Here at Tsavo Trust, we’ve been privileged to witness the world’s largest terrestrial mammals engaging in their complex and fascinating mating rituals. African elephants, despite their massive size, have a carefully orchestrated process leading to the birth of new generations. In this article, we’ll explore their courtship customs, oestrous cycles, and the intriguing chemical communication that governs mating among these majestic creatures.
African elephants, encompassing both forest and savannah species, share similar energy-intensive, breeding strategies. Their reproductive rates are amongst the slowest in the animal kingdom, with a modest reproduction rate of approximately 6 percent under optimal conditions. Its important to note that elephants do not rush into parenthood; they reach sexual maturity between the ages of 14 and 17, with successful mating often occurring much later, around 35 years old.
The Oestrus Cycle
The courtship of elephants is a nuanced process that unfolds over a three-week window of female reproductive receptivity, known as the oestrus cycle. However, the actual opportunity for conception is limited to a brief three to five days within this period. During these days, females display heightened reproductive interest, often demonstrated by increased enthusiasm upon encountering a musth bull.
Their behaviour includes an ‘oestrous walk,’ characterized by a raised head and frequent glances over their shoulders, accompanied by vocalizations that can carry over several kilometres. Interestingly, elephants possess one of the longest oestrous cycles, amongst non-seasonal mammals, spanning 13 to 18 weeks. While the complexity of their reproductive timing hints at a potential seasonal pattern, it’s notable that wild African elephants primarily conceive during the rainy season.
Elephants rely on their keen sense of smell to assess each other’s reproductive status. With seven to nine turbinals specialized for olfaction (far surpassing the human capacity), they can detect airborne hormones when a female is in oestrus or a male is in musth. This olfactory information is relayed to the Jacobson’s organ in the mouth’s upper palate for analysis. Additionally, hormones can be directly detected from urine and faeces. Once a bull elephant in musth detects the scent of a female in oestrus, they can travel great distances, often neglecting to stop and feed, to find the female.
Musth and Mating Behaviour
Musth, a period of heightened testosterone-fuelled sexual activity, significantly influences male elephant behaviour. It showcases a dual nature, encompassing heightened sexual behaviour and virility alongside increased aggression, which occasionally leads to confrontations with other males. The duration of musth varies with age, ranging from brief bouts in younger males to extended periods in older ones, significantly impacting the male hierarchy.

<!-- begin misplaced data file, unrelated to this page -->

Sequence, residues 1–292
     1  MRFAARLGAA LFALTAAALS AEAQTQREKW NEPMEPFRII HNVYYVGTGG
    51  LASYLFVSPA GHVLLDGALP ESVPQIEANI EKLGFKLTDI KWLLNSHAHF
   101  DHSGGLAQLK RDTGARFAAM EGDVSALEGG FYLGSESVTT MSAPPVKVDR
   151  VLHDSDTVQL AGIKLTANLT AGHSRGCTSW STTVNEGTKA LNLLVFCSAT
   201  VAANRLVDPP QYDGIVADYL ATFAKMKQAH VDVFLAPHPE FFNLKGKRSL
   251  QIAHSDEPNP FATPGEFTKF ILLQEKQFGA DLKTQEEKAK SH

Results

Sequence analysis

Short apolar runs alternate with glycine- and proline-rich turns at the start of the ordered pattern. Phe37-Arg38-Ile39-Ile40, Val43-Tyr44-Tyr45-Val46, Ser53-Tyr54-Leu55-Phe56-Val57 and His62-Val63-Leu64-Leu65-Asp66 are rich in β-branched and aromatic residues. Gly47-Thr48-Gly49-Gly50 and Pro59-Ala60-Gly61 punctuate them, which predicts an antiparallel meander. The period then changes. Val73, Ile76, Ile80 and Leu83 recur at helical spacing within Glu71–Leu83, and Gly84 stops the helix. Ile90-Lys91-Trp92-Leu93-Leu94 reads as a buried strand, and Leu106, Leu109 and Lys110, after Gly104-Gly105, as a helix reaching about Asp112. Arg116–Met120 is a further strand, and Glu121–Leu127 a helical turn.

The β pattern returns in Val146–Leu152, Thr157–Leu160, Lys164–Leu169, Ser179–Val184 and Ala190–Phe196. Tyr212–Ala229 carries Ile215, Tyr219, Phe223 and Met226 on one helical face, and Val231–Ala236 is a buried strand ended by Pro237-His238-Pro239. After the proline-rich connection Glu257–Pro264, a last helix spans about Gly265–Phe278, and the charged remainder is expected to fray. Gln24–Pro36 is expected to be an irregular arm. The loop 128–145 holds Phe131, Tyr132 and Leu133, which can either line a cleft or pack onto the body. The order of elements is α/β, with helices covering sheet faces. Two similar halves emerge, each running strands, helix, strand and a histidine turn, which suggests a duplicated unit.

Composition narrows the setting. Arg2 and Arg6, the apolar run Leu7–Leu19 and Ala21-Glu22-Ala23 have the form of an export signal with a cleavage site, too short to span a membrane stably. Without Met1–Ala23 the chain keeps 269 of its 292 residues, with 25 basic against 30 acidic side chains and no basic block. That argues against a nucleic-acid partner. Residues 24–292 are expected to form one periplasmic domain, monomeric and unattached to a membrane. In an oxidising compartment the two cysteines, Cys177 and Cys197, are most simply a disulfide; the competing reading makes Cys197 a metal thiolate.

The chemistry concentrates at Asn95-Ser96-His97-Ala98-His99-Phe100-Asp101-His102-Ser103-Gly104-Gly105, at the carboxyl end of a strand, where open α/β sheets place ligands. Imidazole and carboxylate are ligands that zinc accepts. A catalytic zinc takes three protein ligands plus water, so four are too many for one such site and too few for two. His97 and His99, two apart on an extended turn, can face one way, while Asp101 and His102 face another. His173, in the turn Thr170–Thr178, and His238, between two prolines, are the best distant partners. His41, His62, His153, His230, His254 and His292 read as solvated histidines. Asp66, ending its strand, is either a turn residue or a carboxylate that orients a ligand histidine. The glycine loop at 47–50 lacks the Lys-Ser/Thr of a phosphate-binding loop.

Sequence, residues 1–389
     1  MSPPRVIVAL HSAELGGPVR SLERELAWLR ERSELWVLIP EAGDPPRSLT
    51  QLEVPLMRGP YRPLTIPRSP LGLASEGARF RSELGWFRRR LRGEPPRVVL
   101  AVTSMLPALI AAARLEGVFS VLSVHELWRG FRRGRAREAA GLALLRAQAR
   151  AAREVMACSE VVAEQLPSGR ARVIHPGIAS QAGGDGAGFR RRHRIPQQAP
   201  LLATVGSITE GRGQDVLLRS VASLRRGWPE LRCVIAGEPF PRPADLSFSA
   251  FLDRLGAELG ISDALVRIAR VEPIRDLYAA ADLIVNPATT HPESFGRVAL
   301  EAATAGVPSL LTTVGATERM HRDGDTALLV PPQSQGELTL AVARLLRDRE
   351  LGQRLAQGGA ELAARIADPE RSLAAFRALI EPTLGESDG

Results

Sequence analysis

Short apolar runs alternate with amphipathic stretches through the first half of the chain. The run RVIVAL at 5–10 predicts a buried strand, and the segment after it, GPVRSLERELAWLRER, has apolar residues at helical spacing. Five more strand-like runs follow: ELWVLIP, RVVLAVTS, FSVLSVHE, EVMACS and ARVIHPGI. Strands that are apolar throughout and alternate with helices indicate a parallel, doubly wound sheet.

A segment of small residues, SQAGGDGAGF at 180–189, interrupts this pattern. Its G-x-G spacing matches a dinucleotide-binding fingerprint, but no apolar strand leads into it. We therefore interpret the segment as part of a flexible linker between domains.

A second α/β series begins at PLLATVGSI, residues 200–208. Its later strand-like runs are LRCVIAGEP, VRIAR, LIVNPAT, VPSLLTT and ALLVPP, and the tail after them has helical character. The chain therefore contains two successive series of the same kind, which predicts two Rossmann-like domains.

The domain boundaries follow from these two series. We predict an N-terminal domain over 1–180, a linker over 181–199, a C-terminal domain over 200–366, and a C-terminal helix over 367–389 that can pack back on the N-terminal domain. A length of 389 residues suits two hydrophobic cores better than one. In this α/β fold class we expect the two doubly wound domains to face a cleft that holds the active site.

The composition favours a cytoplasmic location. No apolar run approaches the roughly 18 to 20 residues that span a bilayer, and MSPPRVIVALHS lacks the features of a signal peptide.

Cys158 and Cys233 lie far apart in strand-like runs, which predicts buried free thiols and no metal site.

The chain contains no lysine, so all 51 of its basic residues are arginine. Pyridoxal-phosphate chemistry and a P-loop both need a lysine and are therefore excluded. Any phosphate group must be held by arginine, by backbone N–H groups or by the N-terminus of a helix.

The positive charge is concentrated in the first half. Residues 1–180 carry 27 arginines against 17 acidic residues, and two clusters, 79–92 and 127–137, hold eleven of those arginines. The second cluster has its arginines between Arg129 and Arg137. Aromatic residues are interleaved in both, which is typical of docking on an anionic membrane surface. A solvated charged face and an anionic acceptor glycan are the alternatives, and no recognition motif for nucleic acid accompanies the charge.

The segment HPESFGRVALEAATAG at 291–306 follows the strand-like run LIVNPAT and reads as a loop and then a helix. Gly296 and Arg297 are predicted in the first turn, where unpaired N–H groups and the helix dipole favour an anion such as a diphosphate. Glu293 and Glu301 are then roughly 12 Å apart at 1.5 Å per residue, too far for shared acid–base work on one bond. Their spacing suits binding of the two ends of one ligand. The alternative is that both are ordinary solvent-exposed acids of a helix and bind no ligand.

Competition and Consorts
The competition for potential mates revolves around contests of strength, involving pushing, tusking, wrestling, and ramming. These encounters ultimately culminate in one bull asserting dominance, while the weaker counterpart concedes mating rights to the female. Fortunately, these mating contests rarely escalate into brutal combat, as they serve as rapid assessments of virility and strength.
Mating Behaviour and Consorts
The mating process can be brief, lasting anywhere from a few hours to four days. After mating, males typically stay with the female to deter competitors. Intriguingly, female behaviour evolves as they mature. Older females prefer large musth males and actively avoid others, whereas young females initially lack these selective behaviours, leading to multiple mountings by younger males. With time, they learn to favour older, larger, and more experienced mates.
The Intriguing Phenomenon of False Oestrus
A long-term study of wild African elephants has uncovered a captivating facet of their reproductive behaviour. It appears that mature females sometimes engage in what can be termed as ‘simulated’ or ‘false’ oestrus behaviours, particularly when their young, nulliparous female relatives enter their own oestrus cycles. These behaviours involve mature females mimicking the visual and behavioural signals of oestrus, even when they are unlikely to be ovulating themselves. They engage in activities such as approaching and avoiding males, joining their young relatives in chases during mating pursuits, and occasionally emitting post-copulatory calls after the young female has mated.
To shed light on this intriguing phenomenon, a study conducted in Amboseli National Park, Kenya, meticulously analysed the occurrence of these simulated oestrus events. The research aims to pinpoint when parous female elephants are most likely to exhibit such behaviour and evaluate various hypotheses to decipher its underlying purpose. Potential explanations explored include whether simulated oestrus serves no functional purpose, enhances the reproductive success of the simulating female, or contributes to the inclusive fitness of the simulating female. This intriguing behaviour adds yet another layer of complexity to the already captivating world of elephant reproduction.
Elephant mating is a complex and awe-inspiring process. As we look into the intricacies of their courtship, oestrous cycles, and chemical communication, we gain a deeper appreciation for these remarkable creatures. Preserving the future of African elephants means safeguarding not only their majestic presence but also the intricate and captivating behaviours that define their existence.